To render and export the footage, Vaziri used Premiere's CD-Rom Moviemaker function. "The CD-ROM movie maker function in Premiere is obviously intended for CD-ROMs. However, I used it to make a playback QuickTime that could play off of a hard drive. That came through for me with flying colors. With that CD-ROM function, Premiere allowed me to specify codec, data rate and frames-per-second. The codec for this playback was Cinepak."

Vaziri also relied on Premiere for file managing. "I used Premiere to manage very long QuickTime sections," he said. "Sometimes we had to break down the clips into sections the editors wanted for each scene. With Premiere, we could go to the Timeline and choose the in and out points on the precise time code numbers that were requested. Then, we were able to render out the section we needed."

Vaziri created computer displays which were believable, yet entertaining. "I pushed the boundaries of realism," Vaziri said. "The Webcast image turned out to be 400 x 375 running at 5 fps. That's a sizeable image for your average modem. However, the image was pixelated and the frame rate was jerky enough to be convincing."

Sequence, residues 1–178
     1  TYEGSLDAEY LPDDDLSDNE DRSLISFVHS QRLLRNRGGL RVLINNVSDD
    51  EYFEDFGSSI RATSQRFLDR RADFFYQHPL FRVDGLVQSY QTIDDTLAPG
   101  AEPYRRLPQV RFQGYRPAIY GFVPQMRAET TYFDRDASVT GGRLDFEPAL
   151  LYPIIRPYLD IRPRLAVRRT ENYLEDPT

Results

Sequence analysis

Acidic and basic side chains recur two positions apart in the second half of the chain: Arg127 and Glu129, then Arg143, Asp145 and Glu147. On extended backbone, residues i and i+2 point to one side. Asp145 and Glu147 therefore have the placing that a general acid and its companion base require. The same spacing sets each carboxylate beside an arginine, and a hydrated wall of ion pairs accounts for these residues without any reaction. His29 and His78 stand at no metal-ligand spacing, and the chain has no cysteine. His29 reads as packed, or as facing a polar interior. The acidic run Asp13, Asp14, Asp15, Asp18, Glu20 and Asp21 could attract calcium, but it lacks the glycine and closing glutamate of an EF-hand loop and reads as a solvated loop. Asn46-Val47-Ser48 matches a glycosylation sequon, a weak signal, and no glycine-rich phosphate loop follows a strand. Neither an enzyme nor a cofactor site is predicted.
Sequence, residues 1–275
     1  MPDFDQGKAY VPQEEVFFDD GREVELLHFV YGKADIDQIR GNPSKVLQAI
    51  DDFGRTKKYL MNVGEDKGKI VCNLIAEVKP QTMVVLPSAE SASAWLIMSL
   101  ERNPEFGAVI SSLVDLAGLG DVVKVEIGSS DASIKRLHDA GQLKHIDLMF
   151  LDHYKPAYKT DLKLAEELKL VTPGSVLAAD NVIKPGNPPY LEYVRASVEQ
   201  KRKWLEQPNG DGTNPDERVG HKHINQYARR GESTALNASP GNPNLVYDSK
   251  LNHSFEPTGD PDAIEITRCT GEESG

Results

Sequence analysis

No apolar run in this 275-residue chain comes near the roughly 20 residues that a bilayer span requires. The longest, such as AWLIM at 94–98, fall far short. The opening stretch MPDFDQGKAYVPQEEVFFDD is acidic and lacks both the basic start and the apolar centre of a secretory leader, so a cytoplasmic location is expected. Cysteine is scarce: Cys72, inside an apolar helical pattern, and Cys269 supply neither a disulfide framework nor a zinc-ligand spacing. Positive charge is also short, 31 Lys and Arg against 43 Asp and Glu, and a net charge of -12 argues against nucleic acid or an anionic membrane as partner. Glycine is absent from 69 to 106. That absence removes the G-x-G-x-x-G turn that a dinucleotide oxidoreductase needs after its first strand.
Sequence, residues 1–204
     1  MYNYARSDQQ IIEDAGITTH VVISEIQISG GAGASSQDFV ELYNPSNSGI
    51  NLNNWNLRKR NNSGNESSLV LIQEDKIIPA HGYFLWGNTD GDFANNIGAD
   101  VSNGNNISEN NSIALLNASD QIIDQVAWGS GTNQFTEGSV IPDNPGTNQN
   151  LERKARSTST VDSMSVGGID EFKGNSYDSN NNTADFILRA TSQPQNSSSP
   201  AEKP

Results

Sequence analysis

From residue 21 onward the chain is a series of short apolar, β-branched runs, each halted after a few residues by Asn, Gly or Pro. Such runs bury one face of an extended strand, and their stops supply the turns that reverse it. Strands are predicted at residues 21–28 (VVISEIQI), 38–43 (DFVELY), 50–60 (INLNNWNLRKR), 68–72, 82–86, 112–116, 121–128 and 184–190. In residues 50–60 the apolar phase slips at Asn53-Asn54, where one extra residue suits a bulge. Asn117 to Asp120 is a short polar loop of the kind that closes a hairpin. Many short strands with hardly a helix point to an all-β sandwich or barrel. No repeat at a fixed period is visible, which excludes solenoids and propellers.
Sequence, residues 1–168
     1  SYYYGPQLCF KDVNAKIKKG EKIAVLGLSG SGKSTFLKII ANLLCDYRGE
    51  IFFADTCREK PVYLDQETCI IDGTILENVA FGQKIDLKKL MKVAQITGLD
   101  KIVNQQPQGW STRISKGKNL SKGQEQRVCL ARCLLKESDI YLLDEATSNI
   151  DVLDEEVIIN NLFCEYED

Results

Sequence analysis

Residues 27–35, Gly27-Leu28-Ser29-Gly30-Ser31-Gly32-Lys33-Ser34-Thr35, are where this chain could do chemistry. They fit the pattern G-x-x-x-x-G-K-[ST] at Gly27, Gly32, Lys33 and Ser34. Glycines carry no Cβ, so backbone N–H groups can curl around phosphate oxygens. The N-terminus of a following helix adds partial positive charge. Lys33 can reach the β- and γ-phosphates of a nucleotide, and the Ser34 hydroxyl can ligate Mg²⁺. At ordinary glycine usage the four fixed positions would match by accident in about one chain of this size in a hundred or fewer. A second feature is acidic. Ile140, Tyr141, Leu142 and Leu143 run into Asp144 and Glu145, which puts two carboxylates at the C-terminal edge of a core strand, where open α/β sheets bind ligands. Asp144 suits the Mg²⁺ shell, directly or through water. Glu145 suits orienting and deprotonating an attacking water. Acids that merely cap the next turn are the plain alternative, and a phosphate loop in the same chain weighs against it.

As for the final scene, in which Jim dances for Nadia over the Web, things were done differently by Vaziri since the time frame was tighter. Since his team didn't have the luxury to fully process the footage, the shots of Nadia at her computer were simply strobed at 10 fps using the SGI's video capabilities. "If you look very carefully during that final scene," Vaziri said, "you can see the interface is actually an SGI window, not a Macintosh. However, the vast majority of people who see the film aren't going to notice."

In the end, Banned From the Ranch achieved their primary goal: realism. According to Vaziri, "The results were as seamless as possible."

Client: "American Pie" (Universal Pictures)
Director: Paul Weitz
Producers: Warren Zide, Craig Perry, Chris Moore, Chris Weitz
Line Producer/UPM: Louis G. Friedman

Design Company: Banned From the Ranch Entertainment
Computer Graphics Supervisor: Todd Vaziri
Computer Graphics Producer: Gail Wise
Technical Supervisor: Glenn Cannon
On-Set Playback: Josh Saeta

Hardware/Software: Adobe Premiere (5.1)
Adobe After Effects
Adobe Photoshop
Power Macintosh G3
QuickTime (Apple)
Silicon Graphics INDY